Originally Posted by rowhomecity View Post
I agree. This is why I dislike NJ. It is so auto oriented. And suburban orietned to the 9th degree. It is the California of the East Coast and I do not reflect that as a positive. Maryland comes close as a 2nd. But they have much better design standards in terms of road design to make it attractive.
NJ intentionally designs its road system badly to make traffic worse I think, their way of "traffic control" with the idea to slow development. That and too many selfish towns with their NIMBY types that do not want roads built or expanded to run through their towns, completely disregarding on how it impacts the flow of traffic for commuters. There is a whole history on why the proposed 95 had to keep being realigned.

I would not disagree on MD's road system having better designs, but why are the drivers down there so goddamn slow!?!

As for California, at least they built the road system the right way out there.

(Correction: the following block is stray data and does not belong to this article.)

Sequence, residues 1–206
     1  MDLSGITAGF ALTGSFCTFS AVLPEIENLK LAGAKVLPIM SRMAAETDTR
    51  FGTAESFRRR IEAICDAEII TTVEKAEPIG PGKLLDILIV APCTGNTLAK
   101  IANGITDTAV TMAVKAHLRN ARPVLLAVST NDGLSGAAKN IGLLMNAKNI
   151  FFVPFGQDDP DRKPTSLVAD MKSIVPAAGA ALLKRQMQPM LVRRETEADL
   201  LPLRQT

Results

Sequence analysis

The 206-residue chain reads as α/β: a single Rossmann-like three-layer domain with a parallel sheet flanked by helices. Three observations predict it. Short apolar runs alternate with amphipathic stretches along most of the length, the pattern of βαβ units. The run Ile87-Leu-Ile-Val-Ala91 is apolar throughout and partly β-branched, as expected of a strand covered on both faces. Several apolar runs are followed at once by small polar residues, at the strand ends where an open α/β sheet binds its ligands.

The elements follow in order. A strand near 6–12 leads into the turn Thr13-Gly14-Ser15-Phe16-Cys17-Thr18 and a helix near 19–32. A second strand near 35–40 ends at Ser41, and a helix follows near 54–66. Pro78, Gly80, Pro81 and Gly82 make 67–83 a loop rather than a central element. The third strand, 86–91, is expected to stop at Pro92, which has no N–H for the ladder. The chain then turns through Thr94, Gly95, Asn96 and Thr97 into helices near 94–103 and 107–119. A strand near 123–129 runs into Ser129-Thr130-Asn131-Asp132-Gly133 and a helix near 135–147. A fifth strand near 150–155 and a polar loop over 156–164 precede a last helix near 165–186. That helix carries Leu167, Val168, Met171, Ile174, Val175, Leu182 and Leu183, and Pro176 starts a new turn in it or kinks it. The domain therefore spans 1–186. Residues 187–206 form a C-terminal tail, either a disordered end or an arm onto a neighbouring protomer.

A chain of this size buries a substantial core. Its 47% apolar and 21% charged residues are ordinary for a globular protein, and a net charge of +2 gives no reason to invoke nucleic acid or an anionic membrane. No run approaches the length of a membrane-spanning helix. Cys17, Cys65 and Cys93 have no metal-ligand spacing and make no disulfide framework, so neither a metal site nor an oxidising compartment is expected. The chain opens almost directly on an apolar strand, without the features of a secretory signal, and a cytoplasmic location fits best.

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Old 02-13-2019, 06:28 AM
 
404 posts, read 566,019 times
Reputation: 471
As for California, at least they built the road system the right way out there.
-----
As I had to explain to my California cousins when they complained about the lame Pennsylvania freeways: California built freeways where there were vast fields and deserts and the towns/developments grew up around the exits. Pennsylvania had 300 years of infrastructure when the superhighways came in and every mile was created by eminent domain impacting dozens of homes, businesses and farms.

Totally different. I remember when the Vine Street expressway went in - yikes, what a project - and that's how many miles long? Dealing with settled infrastructure is HARD.